XParam - General-Purpose Object Serialization Framework for C++

The XParam Library User's Guide

Appendix: Conversion Rules

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  1. Introduction
  2. The Weights
  3. Tentative Types
  4. List Comparisons


In using XParam, it is common to utilize the fact that not all conversions must be explicitly requested. Often, XParam performs implicit conversions in order to execute a command. The following is a description of XParam's implicit conversion rules. It is not intended to be the definitive guide to the rules. Some rules may be a little more complex than they are presented here. This appendix is meant, however, to help you understand better why XParam chooses one conversion path over another, for this to assist you in controlling its behavior, whether as a user or as a registrator.

The Weights

As C++, XParam recognizes that not all conversions are alike. Certain conversions, such as one from bool to int, look more appealing than others, such as from double to int. This is expressed in the form of weights. The more weight a conversion carries, the less attractive it seems. XParam recognizes several basic weights:
  1. CONV_EXACT - a conversion between a type and itself. Its weight is essentially zero.
  2. CONV_PROMOTION - a conversion from a bool to an int or from an unsigned char to an unsigned int.
  3. CONV_STANDARD - any conversion between two built-in C++ types other than those covered by CONV_PROMOTIONs and those involving type char.
  4. CONV_TO_PARENT - a conversion between a pointer to a base type and a pointer to its parent type.
  5. CONV_USER - any conversion not covered by previous rules. This is the default weight whenever a new conversion is registered by the user.
The weights are listed here in order of increasing weight. The difference in weight between any two is infinite, so, for example, a sequence of any number of CONV_TO_PARENT conversions is still considered more appealing than a single CONV_USER. Note that XParam does not consider a switch from an object to a pointer to bear any weight.

With the exception of value-lists, explained below, the weight of a conversion path is considered to be the sum of the weights of all conversions along it. No more than one CONV_USER is allowed on a conversion path.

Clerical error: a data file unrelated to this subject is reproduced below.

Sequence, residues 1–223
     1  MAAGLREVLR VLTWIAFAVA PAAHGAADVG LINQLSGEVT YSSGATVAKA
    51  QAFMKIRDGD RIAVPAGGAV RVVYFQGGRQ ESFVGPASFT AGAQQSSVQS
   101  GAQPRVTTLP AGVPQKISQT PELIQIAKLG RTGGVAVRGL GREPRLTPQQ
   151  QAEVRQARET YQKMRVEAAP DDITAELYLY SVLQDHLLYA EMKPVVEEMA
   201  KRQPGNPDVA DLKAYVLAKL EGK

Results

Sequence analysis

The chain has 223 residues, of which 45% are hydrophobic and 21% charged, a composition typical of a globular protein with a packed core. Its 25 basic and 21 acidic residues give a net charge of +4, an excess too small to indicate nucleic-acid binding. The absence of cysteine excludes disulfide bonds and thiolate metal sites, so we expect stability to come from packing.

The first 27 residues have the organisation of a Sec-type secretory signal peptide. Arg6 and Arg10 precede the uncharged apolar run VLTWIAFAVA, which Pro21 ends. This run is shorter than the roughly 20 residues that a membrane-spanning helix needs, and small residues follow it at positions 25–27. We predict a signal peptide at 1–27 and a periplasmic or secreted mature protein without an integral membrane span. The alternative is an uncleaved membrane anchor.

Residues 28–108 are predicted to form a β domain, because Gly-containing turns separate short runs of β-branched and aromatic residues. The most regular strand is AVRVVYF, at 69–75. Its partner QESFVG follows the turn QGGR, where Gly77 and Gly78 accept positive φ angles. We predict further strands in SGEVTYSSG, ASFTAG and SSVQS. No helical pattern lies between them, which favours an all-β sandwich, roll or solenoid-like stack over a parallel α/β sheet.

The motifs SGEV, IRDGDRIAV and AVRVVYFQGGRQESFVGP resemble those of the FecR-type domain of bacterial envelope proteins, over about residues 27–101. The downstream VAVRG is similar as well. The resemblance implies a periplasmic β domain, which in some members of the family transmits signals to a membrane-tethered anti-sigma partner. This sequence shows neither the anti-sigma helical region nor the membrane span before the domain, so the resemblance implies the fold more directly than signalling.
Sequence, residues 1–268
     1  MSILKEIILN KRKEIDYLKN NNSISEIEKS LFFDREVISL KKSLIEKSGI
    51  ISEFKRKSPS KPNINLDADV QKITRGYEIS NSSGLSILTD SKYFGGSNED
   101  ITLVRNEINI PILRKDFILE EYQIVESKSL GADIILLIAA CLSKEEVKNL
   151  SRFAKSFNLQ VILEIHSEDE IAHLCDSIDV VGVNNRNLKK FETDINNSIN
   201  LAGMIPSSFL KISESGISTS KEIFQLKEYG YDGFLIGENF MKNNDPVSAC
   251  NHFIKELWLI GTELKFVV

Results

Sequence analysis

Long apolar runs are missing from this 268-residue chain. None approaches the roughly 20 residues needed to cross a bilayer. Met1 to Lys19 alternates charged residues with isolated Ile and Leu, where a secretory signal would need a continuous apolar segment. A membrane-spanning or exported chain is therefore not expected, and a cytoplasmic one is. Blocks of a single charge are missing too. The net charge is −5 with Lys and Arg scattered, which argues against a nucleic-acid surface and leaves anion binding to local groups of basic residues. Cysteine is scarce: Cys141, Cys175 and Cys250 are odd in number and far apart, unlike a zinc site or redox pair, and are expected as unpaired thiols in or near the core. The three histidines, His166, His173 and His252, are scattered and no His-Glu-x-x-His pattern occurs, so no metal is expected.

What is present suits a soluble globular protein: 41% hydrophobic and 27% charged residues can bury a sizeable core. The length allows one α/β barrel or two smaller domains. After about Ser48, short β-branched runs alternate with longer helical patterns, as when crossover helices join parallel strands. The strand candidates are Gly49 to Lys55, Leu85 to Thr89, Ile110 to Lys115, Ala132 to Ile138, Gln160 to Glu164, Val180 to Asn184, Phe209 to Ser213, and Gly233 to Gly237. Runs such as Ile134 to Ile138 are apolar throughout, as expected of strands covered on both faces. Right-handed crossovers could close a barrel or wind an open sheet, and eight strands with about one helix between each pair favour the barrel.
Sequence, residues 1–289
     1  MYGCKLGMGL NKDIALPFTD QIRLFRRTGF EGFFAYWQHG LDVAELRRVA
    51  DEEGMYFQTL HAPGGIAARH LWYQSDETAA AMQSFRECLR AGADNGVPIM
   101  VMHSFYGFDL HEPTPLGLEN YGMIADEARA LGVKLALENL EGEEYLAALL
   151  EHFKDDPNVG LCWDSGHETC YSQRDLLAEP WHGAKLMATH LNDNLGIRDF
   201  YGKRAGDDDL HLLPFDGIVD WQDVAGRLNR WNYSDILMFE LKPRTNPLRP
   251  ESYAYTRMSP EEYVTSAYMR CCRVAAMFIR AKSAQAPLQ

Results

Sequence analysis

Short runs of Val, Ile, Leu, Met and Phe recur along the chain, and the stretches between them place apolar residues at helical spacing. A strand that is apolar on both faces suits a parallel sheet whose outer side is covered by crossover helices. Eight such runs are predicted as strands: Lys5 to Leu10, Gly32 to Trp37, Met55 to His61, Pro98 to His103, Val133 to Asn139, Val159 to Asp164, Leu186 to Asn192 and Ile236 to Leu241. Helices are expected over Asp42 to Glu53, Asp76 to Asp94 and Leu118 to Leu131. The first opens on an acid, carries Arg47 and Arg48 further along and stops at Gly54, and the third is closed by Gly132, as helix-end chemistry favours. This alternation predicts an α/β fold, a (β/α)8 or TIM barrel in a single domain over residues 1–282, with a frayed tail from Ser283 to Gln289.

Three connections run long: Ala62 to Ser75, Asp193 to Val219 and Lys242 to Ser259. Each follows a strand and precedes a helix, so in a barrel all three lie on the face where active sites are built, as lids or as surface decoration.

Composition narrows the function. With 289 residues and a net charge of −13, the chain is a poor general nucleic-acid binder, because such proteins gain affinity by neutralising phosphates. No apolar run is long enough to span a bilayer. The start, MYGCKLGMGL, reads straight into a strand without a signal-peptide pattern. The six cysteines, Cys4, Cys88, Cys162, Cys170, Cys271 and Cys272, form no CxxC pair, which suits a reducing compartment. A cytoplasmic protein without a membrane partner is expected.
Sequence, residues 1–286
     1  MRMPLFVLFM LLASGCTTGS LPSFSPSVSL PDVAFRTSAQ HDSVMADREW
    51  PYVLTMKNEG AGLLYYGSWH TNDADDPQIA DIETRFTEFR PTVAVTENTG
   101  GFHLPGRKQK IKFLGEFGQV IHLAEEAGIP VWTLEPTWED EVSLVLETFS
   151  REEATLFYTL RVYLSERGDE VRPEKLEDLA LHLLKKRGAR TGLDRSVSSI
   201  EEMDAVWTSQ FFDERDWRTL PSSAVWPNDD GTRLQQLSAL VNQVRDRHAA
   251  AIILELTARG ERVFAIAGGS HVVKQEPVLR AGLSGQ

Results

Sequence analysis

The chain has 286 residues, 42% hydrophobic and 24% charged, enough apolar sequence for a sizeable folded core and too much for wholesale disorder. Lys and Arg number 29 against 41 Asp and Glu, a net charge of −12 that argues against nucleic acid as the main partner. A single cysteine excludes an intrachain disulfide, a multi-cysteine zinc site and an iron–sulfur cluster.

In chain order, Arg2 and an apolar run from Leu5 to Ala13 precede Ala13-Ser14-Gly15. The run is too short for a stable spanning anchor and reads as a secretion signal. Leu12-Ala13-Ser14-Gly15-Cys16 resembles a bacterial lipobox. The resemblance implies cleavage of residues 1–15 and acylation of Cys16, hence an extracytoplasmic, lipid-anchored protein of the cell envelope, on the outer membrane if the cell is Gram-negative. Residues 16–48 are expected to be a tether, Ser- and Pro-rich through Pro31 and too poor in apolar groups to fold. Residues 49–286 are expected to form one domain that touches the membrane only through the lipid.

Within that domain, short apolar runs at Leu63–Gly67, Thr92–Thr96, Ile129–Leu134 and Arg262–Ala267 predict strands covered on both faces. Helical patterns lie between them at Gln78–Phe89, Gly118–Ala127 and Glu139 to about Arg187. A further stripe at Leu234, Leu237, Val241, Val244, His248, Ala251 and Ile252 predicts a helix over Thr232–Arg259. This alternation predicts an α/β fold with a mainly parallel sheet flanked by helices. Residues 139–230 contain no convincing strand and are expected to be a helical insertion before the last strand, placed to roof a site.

XParam will always choose the lightest available conversion path. If no conversion path can be considered lightest (for example, if two conversion paths are exactly as good) then XParam will call this an ambiguity.

This is more or less how C++ evaluates conversions, too. The main difference is that, in XParam, all conversions between type char and other built-in C++ types (numeric types) must be specified explicitly.

Tentative Types

In C++, all explicit literal constants have a type. You specify strings by quotation marks, characters by apostrophes, single precision floating point decimals by a trailing 'f', and so on.

Because XParam works most commonly from the command-line, a more relaxed syntax is allowed in XParam to minimize the necessity of using characters that have meaning in Unix shell-parsing, such as quotations and apostrophes. For this reason, an assignment such as this:

my_parameter = 7

can be interpretted with the character 7 representing an explicit literal constant of type int, char or even std::string. XParam resolves this ambiguity by use of "tentative types" and destination-driven type matching. In essence, what this means is that XParam checks what types of explicit literal constants are permitted in the given context (for example, by checking the type of my_parameter) and then what types the given literal matches (in this case: int,char and std::string). Of the remaining options, XParam chooses according to the following rules: